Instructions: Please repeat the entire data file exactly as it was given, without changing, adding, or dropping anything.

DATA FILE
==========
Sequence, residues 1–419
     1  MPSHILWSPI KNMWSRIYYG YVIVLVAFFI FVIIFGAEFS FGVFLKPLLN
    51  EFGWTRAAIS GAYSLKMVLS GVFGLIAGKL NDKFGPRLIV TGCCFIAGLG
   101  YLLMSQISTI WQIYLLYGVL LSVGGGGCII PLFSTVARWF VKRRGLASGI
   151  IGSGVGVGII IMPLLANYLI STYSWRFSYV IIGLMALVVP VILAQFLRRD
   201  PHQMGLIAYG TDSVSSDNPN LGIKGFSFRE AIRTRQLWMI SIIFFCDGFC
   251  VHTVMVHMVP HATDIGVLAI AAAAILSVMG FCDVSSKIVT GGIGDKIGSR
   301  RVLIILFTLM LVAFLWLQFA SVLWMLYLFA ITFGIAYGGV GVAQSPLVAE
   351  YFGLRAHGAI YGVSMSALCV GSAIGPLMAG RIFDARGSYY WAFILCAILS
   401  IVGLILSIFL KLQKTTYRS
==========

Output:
Sequence, residues 1–419
     1  MPSHILWSPI KNMWSRIYYG YVIVLVAFFI FVIIFGAEFS FGVFLKPLLN
    51  EFGWTRAAIS GAYSLKMVLS GVFGLIAGKL NDKFGPRLIV TGCCFIAGLG
   101  YLLMSQISTI WQIYLLYGVL LSVGGGGCII PLFSTVARWF VKRRGLASGI
   151  IGSGVGVGII IMPLLANYLI STYSWRFSYV IIGLMALVVP VILAQFLRRD
   201  PHQMGLIAYG TDSVSSDNPN LGIKGFSFRE AIRTRQLWMI SIIFFCDGFC
   251  VHTVMVHMVP HATDIGVLAI AAAAILSVMG FCDVSSKIVT GGIGDKIGSR
   301  RVLIILFTLM LVAFLWLQFA SVLWMLYLFA ITFGIAYGGV GVAQSPLVAE
   351  YFGLRAHGAI YGVSMSALCV GSAIGPLMAG RIFDARGSYY WAFILCAILS
   401  IVGLILSIFL KLQKTTYRS